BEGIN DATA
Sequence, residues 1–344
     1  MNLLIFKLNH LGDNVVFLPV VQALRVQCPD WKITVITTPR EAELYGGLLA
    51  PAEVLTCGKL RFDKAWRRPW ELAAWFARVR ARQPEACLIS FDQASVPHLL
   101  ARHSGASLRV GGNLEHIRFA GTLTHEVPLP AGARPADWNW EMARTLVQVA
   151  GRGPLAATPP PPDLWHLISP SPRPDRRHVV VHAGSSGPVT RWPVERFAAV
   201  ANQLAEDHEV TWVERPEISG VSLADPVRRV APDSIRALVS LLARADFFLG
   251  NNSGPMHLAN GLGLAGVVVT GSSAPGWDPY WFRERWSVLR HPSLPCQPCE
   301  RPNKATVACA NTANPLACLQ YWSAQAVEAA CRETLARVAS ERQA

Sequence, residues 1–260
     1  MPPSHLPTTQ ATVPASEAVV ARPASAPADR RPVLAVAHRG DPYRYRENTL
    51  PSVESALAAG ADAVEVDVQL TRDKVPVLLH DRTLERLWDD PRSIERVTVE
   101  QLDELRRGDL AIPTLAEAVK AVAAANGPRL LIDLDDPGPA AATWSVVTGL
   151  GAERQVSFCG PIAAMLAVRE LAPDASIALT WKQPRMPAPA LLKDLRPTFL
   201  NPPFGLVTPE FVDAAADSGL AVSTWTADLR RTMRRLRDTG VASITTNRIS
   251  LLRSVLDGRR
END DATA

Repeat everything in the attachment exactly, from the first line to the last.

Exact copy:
Sequence, residues 1–344
     1  MNLLIFKLNH LGDNVVFLPV VQALRVQCPD WKITVITTPR EAELYGGLLA
    51  PAEVLTCGKL RFDKAWRRPW ELAAWFARVR ARQPEACLIS FDQASVPHLL
   101  ARHSGASLRV GGNLEHIRFA GTLTHEVPLP AGARPADWNW EMARTLVQVA
   151  GRGPLAATPP PPDLWHLISP SPRPDRRHVV VHAGSSGPVT RWPVERFAAV
   201  ANQLAEDHEV TWVERPEISG VSLADPVRRV APDSIRALVS LLARADFFLG
   251  NNSGPMHLAN GLGLAGVVVT GSSAPGWDPY WFRERWSVLR HPSLPCQPCE
   301  RPNKATVACA NTANPLACLQ YWSAQAVEAA CRETLARVAS ERQA

Sequence, residues 1–260
     1  MPPSHLPTTQ ATVPASEAVV ARPASAPADR RPVLAVAHRG DPYRYRENTL
    51  PSVESALAAG ADAVEVDVQL TRDKVPVLLH DRTLERLWDD PRSIERVTVE
   101  QLDELRRGDL AIPTLAEAVK AVAAANGPRL LIDLDDPGPA AATWSVVTGL
   151  GAERQVSFCG PIAAMLAVRE LAPDASIALT WKQPRMPAPA LLKDLRPTFL
   201  NPPFGLVTPE FVDAAADSGL AVSTWTADLR RTMRRLRDTG VASITTNRIS
   251  LLRSVLDGRR